Introduction to Brazilian Cooking
Along with music and dancing, food is one of the simple pleasures of life in Brazil. The people enjoy eating and each meal is a social occasion. Brazilians love to sample many different foods at a meal – making bite-sized appetizers and small plates popular. Robust stews & casseroles infused with coconut milk and cowboy-style grilled meats called churrasco are national treasures. Brazilians also have a sweet tooth. Recipes for sweet breads and puddings are plentiful and ripe, juicy tropical fruits grace many dishes.
Since the 16th century, Brazil has been a melting pot of cultures and the recipes reflect Native Indian, Portuguese and African heritages. Brazil’s fertile land offered Native Indians many foods, including limes, avocados, corn, sweet potatoes, tropical fruits peanuts and beans. The European influences of the Portuguese brought rice, sugar, olives, cilantro and the pig to the Brazilian dinner table. And Africans brought with them a starchy vegetable called cassava, coconut milk, chilies and hearts of palm. A combination of these ingredients is used to create memorable meals that are uniquely Brazilian.
Brazil is the largest country in South America and the climate ranges from arid deserts to mountain ranges to steamy rain forests. As you can imagine foods vary by region. The Northern areas of the country use local fish from the Amazon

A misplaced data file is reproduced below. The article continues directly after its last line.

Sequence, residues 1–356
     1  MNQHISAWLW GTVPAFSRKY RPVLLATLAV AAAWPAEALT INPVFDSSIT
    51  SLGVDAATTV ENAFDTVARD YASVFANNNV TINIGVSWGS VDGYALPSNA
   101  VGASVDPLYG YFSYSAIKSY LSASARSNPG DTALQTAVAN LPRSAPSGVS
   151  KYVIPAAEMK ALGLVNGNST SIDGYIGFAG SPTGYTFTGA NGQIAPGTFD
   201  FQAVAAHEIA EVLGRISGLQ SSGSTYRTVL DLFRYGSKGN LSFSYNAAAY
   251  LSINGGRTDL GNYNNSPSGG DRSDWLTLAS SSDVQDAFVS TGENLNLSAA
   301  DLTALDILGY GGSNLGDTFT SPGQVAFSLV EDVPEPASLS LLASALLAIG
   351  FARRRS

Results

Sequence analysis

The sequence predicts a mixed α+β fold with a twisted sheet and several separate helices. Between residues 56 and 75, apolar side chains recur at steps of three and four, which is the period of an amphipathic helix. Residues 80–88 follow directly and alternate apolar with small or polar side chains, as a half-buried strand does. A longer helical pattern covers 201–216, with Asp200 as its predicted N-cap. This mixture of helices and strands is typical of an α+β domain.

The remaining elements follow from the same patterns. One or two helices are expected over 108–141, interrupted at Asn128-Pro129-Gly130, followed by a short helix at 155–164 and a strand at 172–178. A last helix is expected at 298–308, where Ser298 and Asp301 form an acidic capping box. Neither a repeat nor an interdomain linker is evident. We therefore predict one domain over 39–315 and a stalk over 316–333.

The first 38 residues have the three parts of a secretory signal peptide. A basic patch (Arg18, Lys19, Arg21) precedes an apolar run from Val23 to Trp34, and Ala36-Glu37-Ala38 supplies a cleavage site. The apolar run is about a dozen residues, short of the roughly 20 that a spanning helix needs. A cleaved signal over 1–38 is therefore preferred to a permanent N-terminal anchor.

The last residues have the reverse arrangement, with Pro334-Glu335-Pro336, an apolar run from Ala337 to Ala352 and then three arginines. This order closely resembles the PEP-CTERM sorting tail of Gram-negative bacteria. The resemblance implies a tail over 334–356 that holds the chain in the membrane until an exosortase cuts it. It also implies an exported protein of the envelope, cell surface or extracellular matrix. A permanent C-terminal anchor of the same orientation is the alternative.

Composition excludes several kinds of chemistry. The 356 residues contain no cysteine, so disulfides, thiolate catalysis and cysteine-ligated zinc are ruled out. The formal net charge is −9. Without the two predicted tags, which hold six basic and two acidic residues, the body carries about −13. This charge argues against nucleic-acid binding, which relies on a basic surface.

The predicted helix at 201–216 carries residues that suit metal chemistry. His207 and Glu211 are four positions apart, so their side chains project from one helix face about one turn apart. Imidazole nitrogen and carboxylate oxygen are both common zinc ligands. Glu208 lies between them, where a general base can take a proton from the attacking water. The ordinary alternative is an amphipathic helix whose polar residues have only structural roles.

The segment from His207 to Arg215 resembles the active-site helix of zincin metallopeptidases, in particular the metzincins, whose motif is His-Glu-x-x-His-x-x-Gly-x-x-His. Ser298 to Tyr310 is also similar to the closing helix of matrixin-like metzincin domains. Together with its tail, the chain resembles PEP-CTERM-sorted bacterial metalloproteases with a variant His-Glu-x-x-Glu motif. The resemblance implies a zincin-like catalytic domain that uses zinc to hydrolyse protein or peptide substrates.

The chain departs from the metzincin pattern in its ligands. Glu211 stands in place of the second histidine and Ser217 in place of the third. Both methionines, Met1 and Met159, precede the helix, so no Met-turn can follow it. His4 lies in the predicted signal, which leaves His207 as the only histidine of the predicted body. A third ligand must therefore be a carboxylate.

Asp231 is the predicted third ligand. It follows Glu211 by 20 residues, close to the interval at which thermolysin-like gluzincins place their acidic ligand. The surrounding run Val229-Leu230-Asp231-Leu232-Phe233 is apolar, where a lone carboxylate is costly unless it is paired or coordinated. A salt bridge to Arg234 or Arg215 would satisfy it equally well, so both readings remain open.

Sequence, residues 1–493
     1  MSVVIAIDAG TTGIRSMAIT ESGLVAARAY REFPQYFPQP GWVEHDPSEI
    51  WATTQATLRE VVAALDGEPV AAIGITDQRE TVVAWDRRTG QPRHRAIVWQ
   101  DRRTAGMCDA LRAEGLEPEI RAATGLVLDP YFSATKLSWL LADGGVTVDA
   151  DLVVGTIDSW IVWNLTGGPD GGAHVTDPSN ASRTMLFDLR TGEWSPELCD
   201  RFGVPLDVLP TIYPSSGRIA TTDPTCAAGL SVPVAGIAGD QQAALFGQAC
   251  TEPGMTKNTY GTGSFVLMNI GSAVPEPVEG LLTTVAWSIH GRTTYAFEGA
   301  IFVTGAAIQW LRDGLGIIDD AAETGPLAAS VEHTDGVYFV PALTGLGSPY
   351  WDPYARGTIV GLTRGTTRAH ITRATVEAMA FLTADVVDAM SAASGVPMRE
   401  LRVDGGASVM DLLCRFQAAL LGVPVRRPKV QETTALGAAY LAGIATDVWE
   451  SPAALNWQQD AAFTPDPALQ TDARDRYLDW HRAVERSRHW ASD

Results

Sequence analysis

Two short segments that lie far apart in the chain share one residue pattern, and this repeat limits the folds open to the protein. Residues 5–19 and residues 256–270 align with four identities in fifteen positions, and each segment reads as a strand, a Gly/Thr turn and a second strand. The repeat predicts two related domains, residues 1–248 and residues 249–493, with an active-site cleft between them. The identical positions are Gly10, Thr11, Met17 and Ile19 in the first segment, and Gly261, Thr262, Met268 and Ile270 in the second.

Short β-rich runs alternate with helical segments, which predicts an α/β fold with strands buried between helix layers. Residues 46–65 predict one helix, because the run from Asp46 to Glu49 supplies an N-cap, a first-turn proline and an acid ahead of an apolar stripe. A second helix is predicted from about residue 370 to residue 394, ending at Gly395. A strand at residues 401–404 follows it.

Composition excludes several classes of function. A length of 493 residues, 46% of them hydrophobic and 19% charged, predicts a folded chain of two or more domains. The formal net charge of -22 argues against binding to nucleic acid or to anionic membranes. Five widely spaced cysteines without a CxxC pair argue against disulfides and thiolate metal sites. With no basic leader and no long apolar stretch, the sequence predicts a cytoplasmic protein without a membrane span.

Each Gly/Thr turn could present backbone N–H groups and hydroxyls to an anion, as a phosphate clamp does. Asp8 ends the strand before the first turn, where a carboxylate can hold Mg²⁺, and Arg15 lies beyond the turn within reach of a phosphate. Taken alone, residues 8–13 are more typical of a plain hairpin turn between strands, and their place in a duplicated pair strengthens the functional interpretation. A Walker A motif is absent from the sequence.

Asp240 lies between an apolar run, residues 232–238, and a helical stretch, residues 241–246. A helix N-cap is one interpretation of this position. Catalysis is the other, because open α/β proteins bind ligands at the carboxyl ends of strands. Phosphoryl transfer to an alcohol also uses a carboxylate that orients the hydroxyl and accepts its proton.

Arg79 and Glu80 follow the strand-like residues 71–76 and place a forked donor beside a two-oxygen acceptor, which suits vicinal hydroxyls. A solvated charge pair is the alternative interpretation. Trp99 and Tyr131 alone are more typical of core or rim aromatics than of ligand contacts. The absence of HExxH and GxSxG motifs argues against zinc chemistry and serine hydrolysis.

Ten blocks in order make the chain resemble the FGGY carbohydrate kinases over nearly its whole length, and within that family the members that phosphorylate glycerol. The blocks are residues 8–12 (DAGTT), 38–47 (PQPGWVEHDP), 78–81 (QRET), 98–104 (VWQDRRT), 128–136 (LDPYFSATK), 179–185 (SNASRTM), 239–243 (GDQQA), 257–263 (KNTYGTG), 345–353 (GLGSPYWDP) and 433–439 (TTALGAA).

River and wild game from the dense forests. In the Southern region of the country, you will find corn, beans, pork and chicken. Both regions cook with beans, tropical fruits and fresh vegetables. Most recipes are very healthy and simple to prepare. Here are some ingredients you will find in the Brazilian pantry:
- Beans – Brazilians grow and eat more beans than any other country in the world! This healthy, affordable legume is a staple in the Brazilian pantry.
- Cassava – Cassava is a starchy-root vegetable that is used much like potato. Sweet cassava can be eaten raw, but bitter cassava must be cooked. White potatoes and sweet potatoes make good substitutes for cassava in recipes.
- Cassava Meal – You can find cassava meal online or at a local Latin market, or you can use tapioca flour as a substitute. Cassava meal when toasted is called, farofa, and is sprinkled like a condiment on many dishes.
- Cilantro – Cilantro is the most popular herb in Brazil.
- Coconut Milk – The creamy liquid extracted from the flesh of coconuts is one of the most important ingredients in Brazilian cooking.
- Hearts of Palm – This canned vegetable is harvested from the soft core of a palm tree. Hearts of palm are often marinated or tossed with salad dressing and served in salads for meals.
- Kale – Kale is the super green food of Brazil. It is usually served shredded and stir -fried.
- Lime – Did you know there are no lemons in Brazil? The limao, as it is called, is an essential part of many Brazilian dishes.
- Tropical Fruits -Papaya, mango, pineapple, passion fruit, guava, and bananas are all popular served fresh, used in cooking or juiced.
Guide to Legumes: An Affordable & Healthy Super Food
Brazil is the World’s largest grower and consumer of beans. Beans are part of the legume family of foods which along with beans include peas, lentils, peanuts and soybeans. Legumes are a low cost, super healthy addition to meals. Considered super foods because of the nutrition benefits, legumes provide both protein and iron making them an excellent substitute for meat. The also contain high amounts of fiber, folate, manganese, magnesium, copper and potassium.